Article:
God throws shade on a bunch of Gods

God presides in the great assembly; he renders judgment among the Gods — Psalms 82:1

It is interesting how most translations come to this verse and show a bias toward what is considered conventional Christian theology. Conventional Christian theology says there is only one God.  So even though the Hebrew word for God, Elohim, is used for both instances of God in this verse, the translators do all sorts of contorting to distinguish between God and, well, God. They do a bunch of things like using “gods” (with quotes and a lower case g), judges, or heavenly beings when the truth of the matter is that the Bible says that Elohim was talking to the Elohim.

Using the Hebrew, this is what it actually says:

Elohim presides in the great assembly; he renders judgment among the Elohim.

To make it more complicated, Elohim is a plural word like the word deer: “I saw a deer” and “I saw a bunch of deer.” Both sentences properly use the word deer instead of deers which would be incorrect and isn’t even a word. Elohims (with an s) isn’t a Hebrew word.

Well, a lot of translators don’t want to confuse Bible believing readers with what the scripture actually says so they fudge the translation to make it jive with conventional theology. But once we accept what scripture actually says, then we can start asking the questions – was the Psalmist being poetic? Sarcastic? Did this Psalmist believe there were many Elohims – many Gods and that they actually gathered occasionally for an industry association meeting? There are many scholarly theories. BUT the real crime would be to get hung up with the question and discredit the whole shebang.  Because what God says to the Gods is utterly amazing:

“How long will you defend the unjust and show partiality to the wicked? Defend the weak and the fatherless; uphold the cause of the poor and the oppressed. Rescue the weak and the needy; deliver them from the hand of the wicked. – Psalm 82:1-4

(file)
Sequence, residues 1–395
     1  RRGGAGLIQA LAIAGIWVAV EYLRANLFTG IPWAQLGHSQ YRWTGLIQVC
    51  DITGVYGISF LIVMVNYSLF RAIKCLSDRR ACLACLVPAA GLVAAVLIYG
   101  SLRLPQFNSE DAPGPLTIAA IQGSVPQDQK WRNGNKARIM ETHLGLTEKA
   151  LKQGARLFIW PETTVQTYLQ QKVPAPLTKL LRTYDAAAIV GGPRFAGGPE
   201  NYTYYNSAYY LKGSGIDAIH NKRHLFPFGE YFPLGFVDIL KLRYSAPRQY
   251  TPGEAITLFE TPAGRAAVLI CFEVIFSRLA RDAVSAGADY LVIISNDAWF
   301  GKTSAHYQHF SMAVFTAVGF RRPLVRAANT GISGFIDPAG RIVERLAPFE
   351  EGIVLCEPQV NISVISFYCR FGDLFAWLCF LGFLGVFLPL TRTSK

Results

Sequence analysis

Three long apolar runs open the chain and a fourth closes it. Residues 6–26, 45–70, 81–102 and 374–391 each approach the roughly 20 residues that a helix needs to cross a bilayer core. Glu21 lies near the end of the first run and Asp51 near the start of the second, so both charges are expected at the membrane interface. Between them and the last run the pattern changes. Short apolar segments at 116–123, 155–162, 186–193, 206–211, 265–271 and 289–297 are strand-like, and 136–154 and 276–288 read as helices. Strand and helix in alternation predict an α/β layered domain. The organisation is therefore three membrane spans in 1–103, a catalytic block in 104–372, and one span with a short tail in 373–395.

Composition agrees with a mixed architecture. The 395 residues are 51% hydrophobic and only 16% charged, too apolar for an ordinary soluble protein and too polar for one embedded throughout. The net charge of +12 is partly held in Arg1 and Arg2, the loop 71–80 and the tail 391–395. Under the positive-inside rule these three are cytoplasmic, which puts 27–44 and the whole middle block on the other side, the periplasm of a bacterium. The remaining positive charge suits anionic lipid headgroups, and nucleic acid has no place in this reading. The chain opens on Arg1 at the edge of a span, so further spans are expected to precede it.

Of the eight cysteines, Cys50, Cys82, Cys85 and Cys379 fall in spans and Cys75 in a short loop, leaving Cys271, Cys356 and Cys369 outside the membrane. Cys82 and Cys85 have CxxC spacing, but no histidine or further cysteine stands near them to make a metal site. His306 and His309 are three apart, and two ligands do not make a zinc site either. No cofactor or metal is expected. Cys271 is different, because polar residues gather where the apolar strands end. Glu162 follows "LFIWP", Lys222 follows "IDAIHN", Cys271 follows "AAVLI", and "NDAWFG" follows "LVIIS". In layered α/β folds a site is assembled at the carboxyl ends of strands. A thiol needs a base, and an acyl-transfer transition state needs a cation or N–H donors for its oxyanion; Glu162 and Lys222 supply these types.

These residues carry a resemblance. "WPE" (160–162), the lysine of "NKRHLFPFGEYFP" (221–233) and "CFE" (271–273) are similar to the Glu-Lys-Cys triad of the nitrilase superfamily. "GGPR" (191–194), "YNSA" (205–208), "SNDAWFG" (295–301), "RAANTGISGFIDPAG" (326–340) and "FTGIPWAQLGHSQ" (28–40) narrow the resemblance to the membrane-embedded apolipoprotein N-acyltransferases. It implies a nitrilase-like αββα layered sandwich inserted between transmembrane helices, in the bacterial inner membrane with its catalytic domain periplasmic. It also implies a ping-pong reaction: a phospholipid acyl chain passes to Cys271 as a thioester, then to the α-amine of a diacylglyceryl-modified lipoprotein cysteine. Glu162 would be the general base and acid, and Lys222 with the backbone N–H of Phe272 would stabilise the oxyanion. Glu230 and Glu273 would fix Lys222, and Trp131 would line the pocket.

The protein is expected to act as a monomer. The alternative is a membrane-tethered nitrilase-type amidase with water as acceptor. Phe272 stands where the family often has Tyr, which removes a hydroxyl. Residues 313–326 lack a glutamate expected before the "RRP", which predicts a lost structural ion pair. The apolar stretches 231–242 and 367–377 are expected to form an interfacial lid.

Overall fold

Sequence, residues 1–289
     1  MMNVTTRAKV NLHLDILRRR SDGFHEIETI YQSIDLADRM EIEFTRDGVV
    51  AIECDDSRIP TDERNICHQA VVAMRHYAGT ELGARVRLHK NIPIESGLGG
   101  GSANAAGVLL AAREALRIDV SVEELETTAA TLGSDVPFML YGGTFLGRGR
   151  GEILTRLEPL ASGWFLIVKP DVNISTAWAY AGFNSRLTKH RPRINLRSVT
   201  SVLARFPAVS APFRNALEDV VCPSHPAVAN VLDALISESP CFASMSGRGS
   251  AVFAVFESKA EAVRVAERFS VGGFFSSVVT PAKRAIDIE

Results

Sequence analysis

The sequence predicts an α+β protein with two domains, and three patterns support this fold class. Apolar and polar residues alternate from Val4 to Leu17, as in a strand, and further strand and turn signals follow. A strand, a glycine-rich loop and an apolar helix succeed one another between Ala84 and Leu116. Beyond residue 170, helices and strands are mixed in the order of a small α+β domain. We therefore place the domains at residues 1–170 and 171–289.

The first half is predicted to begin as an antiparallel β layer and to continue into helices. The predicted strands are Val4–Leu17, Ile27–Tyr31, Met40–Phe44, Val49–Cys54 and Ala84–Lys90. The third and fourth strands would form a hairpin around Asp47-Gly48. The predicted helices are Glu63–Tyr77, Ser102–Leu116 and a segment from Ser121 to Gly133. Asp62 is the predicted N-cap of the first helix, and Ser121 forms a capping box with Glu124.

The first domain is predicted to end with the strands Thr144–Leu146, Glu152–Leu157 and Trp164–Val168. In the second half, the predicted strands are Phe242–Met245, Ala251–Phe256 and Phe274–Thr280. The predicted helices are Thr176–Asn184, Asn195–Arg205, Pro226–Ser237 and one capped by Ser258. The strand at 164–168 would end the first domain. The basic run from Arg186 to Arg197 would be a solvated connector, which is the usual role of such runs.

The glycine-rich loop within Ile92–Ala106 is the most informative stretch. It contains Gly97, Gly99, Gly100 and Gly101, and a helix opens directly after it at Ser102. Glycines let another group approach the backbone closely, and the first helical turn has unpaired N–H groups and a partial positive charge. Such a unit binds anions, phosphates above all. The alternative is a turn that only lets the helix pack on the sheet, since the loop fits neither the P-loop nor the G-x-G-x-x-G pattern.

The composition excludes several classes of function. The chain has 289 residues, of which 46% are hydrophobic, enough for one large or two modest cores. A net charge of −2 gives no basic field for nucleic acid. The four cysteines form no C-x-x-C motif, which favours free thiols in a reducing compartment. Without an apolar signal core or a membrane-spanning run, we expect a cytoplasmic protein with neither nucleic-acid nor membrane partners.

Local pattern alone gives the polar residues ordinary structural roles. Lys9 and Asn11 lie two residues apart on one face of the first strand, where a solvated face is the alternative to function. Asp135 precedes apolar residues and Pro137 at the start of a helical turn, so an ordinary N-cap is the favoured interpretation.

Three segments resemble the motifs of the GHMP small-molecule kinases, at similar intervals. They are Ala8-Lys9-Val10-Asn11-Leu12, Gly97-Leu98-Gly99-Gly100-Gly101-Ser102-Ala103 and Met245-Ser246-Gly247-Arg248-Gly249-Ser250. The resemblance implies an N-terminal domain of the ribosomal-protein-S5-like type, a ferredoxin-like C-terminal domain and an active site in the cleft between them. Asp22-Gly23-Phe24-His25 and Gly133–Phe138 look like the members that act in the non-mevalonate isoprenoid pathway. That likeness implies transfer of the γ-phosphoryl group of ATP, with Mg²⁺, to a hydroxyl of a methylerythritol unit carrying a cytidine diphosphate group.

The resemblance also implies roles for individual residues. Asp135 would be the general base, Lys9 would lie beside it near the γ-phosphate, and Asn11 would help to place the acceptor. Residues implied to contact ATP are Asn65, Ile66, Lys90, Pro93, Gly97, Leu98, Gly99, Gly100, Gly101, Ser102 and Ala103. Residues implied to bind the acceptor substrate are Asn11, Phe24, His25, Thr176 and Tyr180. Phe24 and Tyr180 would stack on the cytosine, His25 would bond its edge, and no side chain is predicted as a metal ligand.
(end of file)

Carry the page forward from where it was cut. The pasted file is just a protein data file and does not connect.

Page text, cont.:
If that doesn’t speak into our world today, what does? So let’s get out there today and defend, uphold, rescue, and deliver! If we are attentive, we will find this work everywhere around us. Because if you aren’t defending, upholding, rescuing, and delivering the guy in the cube next to you, then you aren’t going to do it for the big societal issues either. And you don’t get a pass for being busy. Let’s get out there… Go!

April’s Books

 

15 Comments on “God throws shade on a bunch of Gods

  1. Genesis1:1, “In the begining God (i.e. elohim, the Gods) created…..”
    26. “…God (elohim, the gods) said, ‘Let us make man in our image…’ “

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  2. The older texts in the Old Testament use “Elohim” – which is plural. All that means is that those texts predate the emergence of true monotheism among the Hebrews. The beauty of the Old Testament is that later editors did not simply omit things with which they did not agree. Compare the two (yes, two) creation stories: Genesis 1:2 – 2:4a // The second creation story begins with Genesis 2:4b and goes on. The later editors did, however, put their own versions before the older versions. Who could blame them? The profundity of the Bible lies in its diversity. And to finish, let me put it this way: Everything in the Bible is true… and some of it actually happened!